blocs of hi caliber talent, and they'd break it out into the
open scientific arena, since [science] --wouldn't stand for
nationalistic secrecy on UFO's! And always I come back to =91Why
not competent coverup?' =91Why No Talent?' [The] Only sensible
answer is that authorities lost track of the whole problem years
ago."

Public Humiliation

On March 2, 1971, the full force of government ridicule was
abruptly brought against McDonald in the most public arena of
all=97an open hearing before the House Appropriations Committee at
which McDonald was testifying against government plans to build
fleets of supersonic transports (SSTs). McDonald's research had
convinced him and a few other scientists that fleets of SSTs
would irreparably damage earth's ozone layer, leading to higher
levels of skin cancer. Three of the Committee members,
particularly Rep. Leon Conte, taunted him about his interest in
UFOs, misrepresenting his research and provoking open laughter
among attendees.

This devastating public ridicule affected McDonald deeply; to
some of his colleagues he seemed despondent. However, he quickly
regained his equanimity and continued researching the ozone
question, retaining the support of scientific peers. He even
wrote an eloquent letter to Conte, endeavoring to persuade him
to accept UFOs as a valid scientific problem.

A few weeks before these hearings, McDonald had told two close
colleagues in the UFO field that he was very close to learning
the answer to UFOs, and was holding discussions at "the highest
level" of government. He explained that he was not free to
discuss the details, but would soon be able to reveal what he
knew.

McDonald's handwritten UFO journals contain notations up to
March 17, 1971. Project Blue Book had been disbanded, and the
best of its radar-visual UFO files had been declassified.
McDonald had promptly traveled to Maxwell AFB in Alabama to
study and copy them. He was amazed at the of information they
contained: empirical evidence, the precious seeds of proof,
which seemed to have been ignored by the government for 24
years.

McDonald's Death

McDonald departed the UFO field as suddenly as he had entered.
In June 1971, this intrepid, tireless man died, apparently by
his own hand, under circumstances that have never been fully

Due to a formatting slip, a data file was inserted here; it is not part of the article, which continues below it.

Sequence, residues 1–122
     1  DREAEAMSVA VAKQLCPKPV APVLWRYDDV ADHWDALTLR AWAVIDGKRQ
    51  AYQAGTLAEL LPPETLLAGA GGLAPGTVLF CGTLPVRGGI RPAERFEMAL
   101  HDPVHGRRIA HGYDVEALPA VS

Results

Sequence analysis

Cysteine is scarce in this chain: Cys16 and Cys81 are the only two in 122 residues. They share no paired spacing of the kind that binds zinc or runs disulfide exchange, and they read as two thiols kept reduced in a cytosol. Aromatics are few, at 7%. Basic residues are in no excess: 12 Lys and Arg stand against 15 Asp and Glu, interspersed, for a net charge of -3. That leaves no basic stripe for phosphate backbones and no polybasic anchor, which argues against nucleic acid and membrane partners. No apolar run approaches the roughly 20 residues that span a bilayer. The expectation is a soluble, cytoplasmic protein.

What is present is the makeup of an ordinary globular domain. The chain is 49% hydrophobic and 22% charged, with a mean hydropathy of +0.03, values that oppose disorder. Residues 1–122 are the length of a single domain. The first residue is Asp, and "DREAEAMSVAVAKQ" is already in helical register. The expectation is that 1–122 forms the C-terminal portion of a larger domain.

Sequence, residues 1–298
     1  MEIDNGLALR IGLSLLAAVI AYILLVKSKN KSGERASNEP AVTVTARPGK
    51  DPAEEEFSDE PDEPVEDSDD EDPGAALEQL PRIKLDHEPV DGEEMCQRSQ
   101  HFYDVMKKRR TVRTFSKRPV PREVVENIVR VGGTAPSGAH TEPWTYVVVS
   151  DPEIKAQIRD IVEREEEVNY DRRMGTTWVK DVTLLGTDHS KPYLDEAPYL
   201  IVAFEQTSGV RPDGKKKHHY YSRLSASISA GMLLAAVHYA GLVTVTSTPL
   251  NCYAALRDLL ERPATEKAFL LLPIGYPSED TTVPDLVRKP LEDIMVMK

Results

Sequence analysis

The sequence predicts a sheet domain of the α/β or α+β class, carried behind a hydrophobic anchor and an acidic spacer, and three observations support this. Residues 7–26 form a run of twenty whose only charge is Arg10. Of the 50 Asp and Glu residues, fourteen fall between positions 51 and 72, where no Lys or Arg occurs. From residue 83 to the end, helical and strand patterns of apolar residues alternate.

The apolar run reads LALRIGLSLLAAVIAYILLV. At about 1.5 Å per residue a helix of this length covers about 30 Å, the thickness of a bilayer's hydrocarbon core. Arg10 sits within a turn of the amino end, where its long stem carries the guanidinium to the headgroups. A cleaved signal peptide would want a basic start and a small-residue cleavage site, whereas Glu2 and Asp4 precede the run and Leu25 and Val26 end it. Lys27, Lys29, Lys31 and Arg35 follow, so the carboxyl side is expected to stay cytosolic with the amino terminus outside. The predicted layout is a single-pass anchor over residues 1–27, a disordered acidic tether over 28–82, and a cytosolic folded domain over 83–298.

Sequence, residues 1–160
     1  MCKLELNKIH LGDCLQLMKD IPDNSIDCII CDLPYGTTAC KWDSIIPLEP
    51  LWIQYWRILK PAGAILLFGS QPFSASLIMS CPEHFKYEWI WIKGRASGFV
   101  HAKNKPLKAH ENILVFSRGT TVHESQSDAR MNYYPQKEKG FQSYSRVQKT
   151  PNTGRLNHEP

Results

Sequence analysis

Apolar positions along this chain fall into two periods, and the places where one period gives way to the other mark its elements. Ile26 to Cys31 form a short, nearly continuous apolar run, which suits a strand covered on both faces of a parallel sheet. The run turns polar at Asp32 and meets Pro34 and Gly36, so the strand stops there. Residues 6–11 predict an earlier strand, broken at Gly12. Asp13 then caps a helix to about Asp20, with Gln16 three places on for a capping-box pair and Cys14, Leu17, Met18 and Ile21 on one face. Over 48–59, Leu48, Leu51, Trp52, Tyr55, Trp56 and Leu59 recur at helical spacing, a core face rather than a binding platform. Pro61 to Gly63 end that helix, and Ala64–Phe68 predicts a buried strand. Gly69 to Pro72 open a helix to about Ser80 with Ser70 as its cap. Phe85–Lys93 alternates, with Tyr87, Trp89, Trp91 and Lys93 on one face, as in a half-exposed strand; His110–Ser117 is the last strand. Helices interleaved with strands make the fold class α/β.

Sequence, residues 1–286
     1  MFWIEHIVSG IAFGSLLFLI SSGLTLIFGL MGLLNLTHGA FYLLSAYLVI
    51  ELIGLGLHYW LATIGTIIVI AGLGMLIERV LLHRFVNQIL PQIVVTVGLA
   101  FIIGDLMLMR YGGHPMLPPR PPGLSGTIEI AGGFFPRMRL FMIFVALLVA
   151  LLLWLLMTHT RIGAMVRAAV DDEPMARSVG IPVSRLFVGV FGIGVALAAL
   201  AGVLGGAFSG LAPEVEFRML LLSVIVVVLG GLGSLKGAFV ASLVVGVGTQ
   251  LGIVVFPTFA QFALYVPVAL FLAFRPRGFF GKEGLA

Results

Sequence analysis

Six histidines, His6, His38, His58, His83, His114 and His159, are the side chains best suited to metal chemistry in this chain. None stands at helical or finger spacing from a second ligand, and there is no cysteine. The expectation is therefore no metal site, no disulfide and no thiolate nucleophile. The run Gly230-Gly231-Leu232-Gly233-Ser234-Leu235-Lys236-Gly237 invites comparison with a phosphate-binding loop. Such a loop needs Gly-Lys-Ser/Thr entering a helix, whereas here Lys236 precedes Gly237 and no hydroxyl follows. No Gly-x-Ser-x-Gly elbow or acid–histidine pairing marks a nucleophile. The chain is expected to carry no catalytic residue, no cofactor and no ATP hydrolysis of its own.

explained.

McDonald was still interviewing UFO witnesses shortly before his
death, but it was evident that something had happened. He no
longer confided to chosen colleagues that he was privy to high-
level information about UFOs, and as a result he did not seem so
sure of an imminent solution. Had he himself been the victim of
a cruel government hoax?

McDonald made his first suicide attempt on April 9, 1971, but it
went awry, leaving him virtually blind. He fought his way back
with the aid of his family and colleagues, and learned to cope
with the affliction. He returned to work. But on June 12, he
apparently tried suicide again and succeeded.

Although his death was blamed on depression, McDonald remained
rational up to the very end. He continued his work and left
detailed plans outlining projected academic projects for a full
year, including the writing of two books. UFO researchers have
hypothesized that he was assassinated by covert forces in
government. If this is true, his own disbelief in a government
conspiracy may have helped bring about his tragic death.

Though the physical UFO phenomenon continues to this day, an
aura of ridicule still surrounds the subject. A new type of
contactee abounds, and their stories of abductions,
hybridizations, and secret underground bases are accepted
without proof by a portion of the public and some prominent
researchers. The sudden loss of McDonald, ufology's most
credible exponent, made it untenable for the scientific
community to continue giving it credence. It is still a
scientific question crying out for solution.

McDonald's Legacy

McDonald's last request was that his voluminous UFO files be
kept together until a proper repository could be located. Few
researchers were given access to them until the 1990s, when
Betsy McDonald authorized a biography of her late husband. Betsy
worked closely with me on this project, granting access to
heretofore unknown materials and clarifying questions that had
puzzled the UFO field since 1971.

McDonald's UFO journals, his personal notes on classic cases,
and his lengthy letters to government, military, and scientific
authorities show the man in all his brilliance. A collection of
his talks, interviews with witnesses, and other recordings have
survived the years in audiocassette form. These are presently
being converted into CDs and archived in the University of
Arizona Library at Tucson with the aid of a FUFOR grant. All of
McDonald's UFO records are now in the Personal Collections
Section of the University of Arizona Library at Tucson,
available to the public.

James McDonald's research and careful hypotheses are now part of
ufological history. He is with us once again, and we can
listen=97and learn.

---

Ann Druffel is a freelance writer and researcher who lives in
Pasadena, California. She is the author of Firestorm! Dr. James
E. McDonald's Fight for UFO Science.


[Thanks to Stuart Miller of http://www.uforeview.net for the lead]